Part of our study was to find out who had authority over the properties. For the domains, that would be GoDaddy, since it is the top registrar of the cybersquatting resources, accounting for 16% of the registrations. It was followed by MarkMonitor, Namecheap, Network Solutions, Info.at Google, Amazon, PDR Ltd., 123-Reg Limited, and Wix. The rest were distributed across 154 other registrars.

Chart 1: Top 10 registrars of the cybersquatting domains

Most of the cybersquatting domains in the study (19%) resolved to IP addresses belonging to Amazon. Google accounted for 10%, followed by Cloudflare, Microsoft, Fastly, OVH, Linode, Hetzner, Digital Ocean, and Wix.

Chart 2: Top 10 Internet service providers (ISPs) of the resolving cybersquatting domains

Malicious Properties Alert

More than a dozen cybersquatting resources have been reported as malicious since 8 August 2022. Among them is netgearextendersetups[.]com, which resolved to 190[.]115[.]26[.]62. Five other similar-looking cybersquatting domains also resolved to the same IP address but haven’t been flagged yet. These are:

  • netgearwifiextendersetupen[.]com
  • netgearextendersetupwifi[.]com
  • netgearextender-setup[.]com
  • netgearwifiextendersetup[.]us
  • netgearwifiextendersetupgo[.]com

Aside from resolving to the same IP address, these domains also shared the same registrar and nameserver. The rest of their WHOIS details were redacted, except for netgearwifiextendersetup[.]us. We retrieved a public email address that was historically tied to 17 suspicious-looking domains, according to Reverse WHOIS Search. Some seemed to mimic the login pages of router and entertainment sites. These are shown in the screenshot below.

Only time can tell if they will also be weaponized, but keeping an eye on them and other cybersquatting properties could be a good cybersecurity practice.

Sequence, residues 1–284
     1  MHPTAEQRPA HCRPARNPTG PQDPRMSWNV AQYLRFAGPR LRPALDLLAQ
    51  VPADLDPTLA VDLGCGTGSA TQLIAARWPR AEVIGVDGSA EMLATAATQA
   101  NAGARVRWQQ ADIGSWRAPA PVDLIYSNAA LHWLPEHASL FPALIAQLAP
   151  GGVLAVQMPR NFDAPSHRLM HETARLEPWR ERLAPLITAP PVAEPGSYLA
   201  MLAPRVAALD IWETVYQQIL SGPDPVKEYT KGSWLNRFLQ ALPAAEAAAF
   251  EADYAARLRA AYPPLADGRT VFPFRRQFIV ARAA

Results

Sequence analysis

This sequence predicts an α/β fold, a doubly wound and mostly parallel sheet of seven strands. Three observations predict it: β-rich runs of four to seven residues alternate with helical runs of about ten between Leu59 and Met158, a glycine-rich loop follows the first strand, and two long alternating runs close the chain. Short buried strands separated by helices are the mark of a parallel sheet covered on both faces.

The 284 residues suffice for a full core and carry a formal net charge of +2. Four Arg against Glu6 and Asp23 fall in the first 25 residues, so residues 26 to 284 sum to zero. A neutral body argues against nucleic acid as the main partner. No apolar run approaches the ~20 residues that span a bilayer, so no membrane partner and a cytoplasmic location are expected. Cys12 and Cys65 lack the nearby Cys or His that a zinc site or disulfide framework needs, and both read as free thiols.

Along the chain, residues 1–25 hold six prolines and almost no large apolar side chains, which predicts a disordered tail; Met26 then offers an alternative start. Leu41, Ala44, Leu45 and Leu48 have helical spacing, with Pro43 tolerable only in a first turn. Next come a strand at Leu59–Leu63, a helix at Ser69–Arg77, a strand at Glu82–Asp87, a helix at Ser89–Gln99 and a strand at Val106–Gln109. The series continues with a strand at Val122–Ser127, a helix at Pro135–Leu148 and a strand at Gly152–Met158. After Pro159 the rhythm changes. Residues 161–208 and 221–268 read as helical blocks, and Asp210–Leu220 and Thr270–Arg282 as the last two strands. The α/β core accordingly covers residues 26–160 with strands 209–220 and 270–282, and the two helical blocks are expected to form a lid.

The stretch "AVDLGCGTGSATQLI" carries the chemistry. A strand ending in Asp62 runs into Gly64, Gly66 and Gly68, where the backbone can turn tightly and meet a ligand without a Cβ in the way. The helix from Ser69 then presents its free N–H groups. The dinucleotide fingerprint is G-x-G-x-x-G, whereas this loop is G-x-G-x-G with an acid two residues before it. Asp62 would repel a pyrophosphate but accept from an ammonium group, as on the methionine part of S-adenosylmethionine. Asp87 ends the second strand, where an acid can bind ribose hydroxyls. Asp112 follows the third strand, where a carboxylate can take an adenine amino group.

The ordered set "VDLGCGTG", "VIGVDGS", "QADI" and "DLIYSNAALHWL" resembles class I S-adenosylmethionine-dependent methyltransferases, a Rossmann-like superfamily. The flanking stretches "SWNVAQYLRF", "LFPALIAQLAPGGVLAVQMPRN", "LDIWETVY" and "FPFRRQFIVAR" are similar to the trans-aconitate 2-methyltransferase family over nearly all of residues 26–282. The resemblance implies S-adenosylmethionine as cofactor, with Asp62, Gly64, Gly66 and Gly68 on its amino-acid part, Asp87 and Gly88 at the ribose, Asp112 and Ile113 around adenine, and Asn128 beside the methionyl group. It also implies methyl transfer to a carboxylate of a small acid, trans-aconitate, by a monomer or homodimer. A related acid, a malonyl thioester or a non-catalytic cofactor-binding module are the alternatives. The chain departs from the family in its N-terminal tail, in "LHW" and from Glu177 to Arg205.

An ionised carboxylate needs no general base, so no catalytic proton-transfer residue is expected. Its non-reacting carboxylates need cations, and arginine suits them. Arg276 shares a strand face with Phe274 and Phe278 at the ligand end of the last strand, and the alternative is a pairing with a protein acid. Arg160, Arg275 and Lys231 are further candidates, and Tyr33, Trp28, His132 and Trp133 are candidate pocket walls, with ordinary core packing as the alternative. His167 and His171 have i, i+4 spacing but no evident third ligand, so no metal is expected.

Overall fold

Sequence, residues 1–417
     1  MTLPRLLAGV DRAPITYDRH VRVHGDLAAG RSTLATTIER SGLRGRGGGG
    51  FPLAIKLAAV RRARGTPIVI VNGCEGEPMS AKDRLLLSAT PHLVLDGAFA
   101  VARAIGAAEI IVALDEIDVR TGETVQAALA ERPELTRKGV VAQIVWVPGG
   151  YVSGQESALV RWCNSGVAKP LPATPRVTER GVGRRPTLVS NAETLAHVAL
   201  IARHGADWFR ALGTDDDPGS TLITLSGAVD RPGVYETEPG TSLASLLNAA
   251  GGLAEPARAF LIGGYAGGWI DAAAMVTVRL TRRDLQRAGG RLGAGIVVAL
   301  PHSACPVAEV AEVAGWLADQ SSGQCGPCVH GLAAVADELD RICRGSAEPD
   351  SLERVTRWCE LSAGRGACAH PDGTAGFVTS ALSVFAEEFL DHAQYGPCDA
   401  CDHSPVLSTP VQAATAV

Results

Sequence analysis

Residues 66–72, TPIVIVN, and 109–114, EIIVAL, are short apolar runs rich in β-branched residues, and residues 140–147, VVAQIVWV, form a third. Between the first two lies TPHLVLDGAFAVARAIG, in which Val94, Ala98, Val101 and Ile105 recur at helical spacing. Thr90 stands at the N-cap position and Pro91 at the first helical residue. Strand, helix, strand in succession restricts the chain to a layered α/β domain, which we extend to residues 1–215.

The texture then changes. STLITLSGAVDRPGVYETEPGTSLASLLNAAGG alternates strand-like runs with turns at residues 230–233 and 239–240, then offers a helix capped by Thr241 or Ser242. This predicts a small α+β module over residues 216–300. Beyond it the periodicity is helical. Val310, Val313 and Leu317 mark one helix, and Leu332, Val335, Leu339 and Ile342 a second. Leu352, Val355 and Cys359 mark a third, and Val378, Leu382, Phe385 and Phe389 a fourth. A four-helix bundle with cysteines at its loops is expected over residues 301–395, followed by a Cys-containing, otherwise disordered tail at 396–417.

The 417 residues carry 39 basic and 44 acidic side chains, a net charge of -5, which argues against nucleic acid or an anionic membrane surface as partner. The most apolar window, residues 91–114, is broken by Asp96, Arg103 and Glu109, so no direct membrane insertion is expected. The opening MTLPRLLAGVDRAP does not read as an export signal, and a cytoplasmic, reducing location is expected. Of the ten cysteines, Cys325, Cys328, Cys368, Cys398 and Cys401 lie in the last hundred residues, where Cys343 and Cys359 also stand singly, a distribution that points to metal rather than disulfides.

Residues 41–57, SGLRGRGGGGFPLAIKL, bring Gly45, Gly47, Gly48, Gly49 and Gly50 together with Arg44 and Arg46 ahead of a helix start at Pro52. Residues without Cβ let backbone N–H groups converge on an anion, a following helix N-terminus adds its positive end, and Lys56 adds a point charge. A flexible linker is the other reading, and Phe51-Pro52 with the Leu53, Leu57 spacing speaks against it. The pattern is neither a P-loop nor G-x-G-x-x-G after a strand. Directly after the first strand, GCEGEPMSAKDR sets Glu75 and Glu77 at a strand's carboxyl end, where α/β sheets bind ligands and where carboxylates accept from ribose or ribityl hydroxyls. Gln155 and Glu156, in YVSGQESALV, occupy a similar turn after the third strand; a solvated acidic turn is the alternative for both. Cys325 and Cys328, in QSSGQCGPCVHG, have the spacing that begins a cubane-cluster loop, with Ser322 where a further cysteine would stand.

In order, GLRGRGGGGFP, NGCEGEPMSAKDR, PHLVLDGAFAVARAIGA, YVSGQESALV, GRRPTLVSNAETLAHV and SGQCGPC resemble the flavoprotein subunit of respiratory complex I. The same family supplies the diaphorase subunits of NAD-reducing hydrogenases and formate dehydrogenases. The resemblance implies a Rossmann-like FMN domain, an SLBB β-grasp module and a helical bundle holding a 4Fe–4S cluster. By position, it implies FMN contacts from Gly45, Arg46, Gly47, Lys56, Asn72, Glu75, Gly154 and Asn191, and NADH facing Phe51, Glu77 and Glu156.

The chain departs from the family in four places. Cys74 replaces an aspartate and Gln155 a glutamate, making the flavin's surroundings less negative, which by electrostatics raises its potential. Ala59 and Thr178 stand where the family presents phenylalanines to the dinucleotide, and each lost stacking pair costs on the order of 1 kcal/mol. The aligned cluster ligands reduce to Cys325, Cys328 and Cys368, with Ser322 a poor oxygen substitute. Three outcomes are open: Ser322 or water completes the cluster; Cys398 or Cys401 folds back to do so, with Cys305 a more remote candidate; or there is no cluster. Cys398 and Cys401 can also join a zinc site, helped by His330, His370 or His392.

We began with cybersquatting properties, some of which could be benign. Still, a deep dive into the malicious ones led us to more suspicious properties that could harm users and their networks.

The suspicious properties we uncovered in this post can be used to sell fake network devices. They can also be weaponized to serve as phishing, scam, and malware distribution vectors.

If you wish to perform a similar investigation or get access to the full data behind this research, please don’t hesitate to contact us.

By WhoisXML API, A Domain Research, Whois, DNS, and Threat Intelligence API and Data Provider

Whois API, Inc. (WhoisXML API) is a big data and API company that provides domain research & monitoring, Whois, DNS, IP, and threat intelligence API, data and tools to a variety of industries.

Visit Page

Filed Under


Commenting is not available in this channel entry.
CircleID Newsletter The Weekly Wrap

More and more professionals are choosing to publish critical posts on CircleID from all corners of the Internet industry. If you find it hard to keep up daily, consider subscribing to our weekly digest. We will provide you a convenient summary report once a week sent directly to your inbox. It's a quick and easy read.

I make a point of reading CircleID. There is no getting around the utility of knowing what thoughtful people are thinking and saying about our industry.

Co-designer of the TCP/IP Protocols & the Architecture of the Internet



Brand Protection

Sponsored byCSC

IPv4 Markets

Sponsored byIPv4.Global

Domain Names

Sponsored byVerisign


Sponsored byDNIB.com

New TLDs

Sponsored byRadix

Threat Intelligence

Sponsored byWhoisXML API


Sponsored byVerisign